Victory in politics comes from action. It does not come from rhetoric alone. It is not enough to simply WISH that Biya goes and you expect to get up from your bed the following morning and find him gone. Elections are round the corner. What have you done concretely in preparation? Apart from Biya, there are at least ten other candidates. Are you throwing in your weight behind any of them and giving that one total support? Or better still, are you running as your own candidate, instead of expressing wishes at the sidelines while the real battle goes on with you only as a commentator. The SDF for instance is `doing something about it`, by being there and challenging and opposing and arguing. They are engaged, they are committed. They may not make it now, but if they persist, they may make it some day. It might not be them as such but their children. . It doesn’t matter. People come and go but the nation remains. Biya is at least present and fighting his own battle. The best arena on which to challenge him and effect change is through the ballot box. Shouting and insults and emotions will not change anything.

Copyright 2011


By Tikum Mbah Azonga

I’m not a man to roam
I carry heavy bagpipes
Like the Kilimanjaro poet
Watch my eyebrows
Don’t you see them twitch?
So, what more of the wanton birds at Charing Cross?

Copyright 2011


(For the victim`s of Schindler`s list)

By Tikum Mbah Azonga

Some inches were unspeakable
Imagine a yarn without fins or spreadsheets
Where on earth would you then begin?

Copyright 2011


By Tikum Mbah Azonga

I couldn’t find the gas pedal
Nor the gradient level
So did I have to sip Ukrainian Cognac?
Just because of that?
What about the charcoal trade?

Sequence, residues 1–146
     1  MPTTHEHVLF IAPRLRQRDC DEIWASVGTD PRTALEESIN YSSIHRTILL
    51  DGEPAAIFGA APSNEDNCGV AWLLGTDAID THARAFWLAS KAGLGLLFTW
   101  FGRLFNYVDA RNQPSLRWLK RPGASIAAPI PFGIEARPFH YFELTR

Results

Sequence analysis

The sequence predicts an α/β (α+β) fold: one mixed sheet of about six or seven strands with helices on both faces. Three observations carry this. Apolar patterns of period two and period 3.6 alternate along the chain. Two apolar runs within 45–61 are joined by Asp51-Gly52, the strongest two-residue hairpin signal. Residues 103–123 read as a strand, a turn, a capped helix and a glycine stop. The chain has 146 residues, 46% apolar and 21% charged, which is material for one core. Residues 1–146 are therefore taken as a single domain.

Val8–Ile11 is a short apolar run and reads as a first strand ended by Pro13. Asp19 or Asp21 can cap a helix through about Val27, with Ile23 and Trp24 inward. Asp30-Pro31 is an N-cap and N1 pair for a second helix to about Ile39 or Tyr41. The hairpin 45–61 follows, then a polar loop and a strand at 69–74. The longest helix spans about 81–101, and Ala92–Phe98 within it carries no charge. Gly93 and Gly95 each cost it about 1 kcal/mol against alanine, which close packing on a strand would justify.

Copyright 2011


By Tikum Mbah Azonga

I quenched it
Not with holy water
Nor tears for fear
But with God’s own spirit
It didn’t take long
Although the breath of it was so short
And its Fallopian tubes severed
I did it standing on the Kilimanjaro
Yet, I did it
Don’t mind the band master.

We’re all damned, profit or no profit
Even if we’re offered the best Twin Otter
That’s why for ever our offspring will speak from the rear
Especially for those who know Tikrit
And the scapegoat Washington gnawed and gored for so long
The charge is nothing short of tort
It’s also nothing short of the leader who once was revered
Forget the dirty bodices and shrunken payroll
What really matters is the last candle no one really lit
And the fact that son is equal to father.

Copyright 2011


(For Lydienne Blanche)

By Tikum Mbah Azonga

Give me an example, dear Lord
And a good one, too
For too long I have groped in the dark
Today I want light
I want sunshine
I want your shoulder
I want your hand.

Give me grace, but of your own accord
I don’t want to stick like glue
I want to run and worship you like in the park
I want to win with you without a fight
Lord, be my grapevine
Be my solace, my fortress and my giant boulder
So that I too can see the Promised Land.

Copyright 2011

vendredi 15 juillet 2011


(For Linda)

By Tikum Mbah Azonga

I’ll think
I’ll think and grow rich
Just like Napoleon
Just let the tides ebb away
And the bottom line of Ant & Soc, thicken
That’s when we’ll even the scores.

I’m not at the brink
That’s why I refuse to twitch
Instead, I demand brand new dandelions of neon
If you will, that’s my way
That’s why I must think and ripen
And then get rid of all the pores and sores.

Copyright 2011


(For Mayayong)

By Tikum Mbah Azonga

Every new creation is good
On condition that it doesn’t get stuck in the mud
And in the process
Attract odd bits of iron filings
Or some adulterated God’s bits of wood
Or even get steeped in sour lime wine.
And that’s the plain truth.

Whether I’m called Sandrine or Vera
As long as Spanish is my oyster
And the instructor, this man who makes me laugh
And forever I have this leg in JMC
The world shall continue to spin on its axis
I’m not reinventing the wheel
No, far from it, I’m calling a spade, a spade.

Copyright 2011


(For Agbor Ambang)

By Tikum Mbah Azonga

SO what are you going to do about it?
Let all the chickens loose
Or get them pent up for another month?
Do you think that’s fair?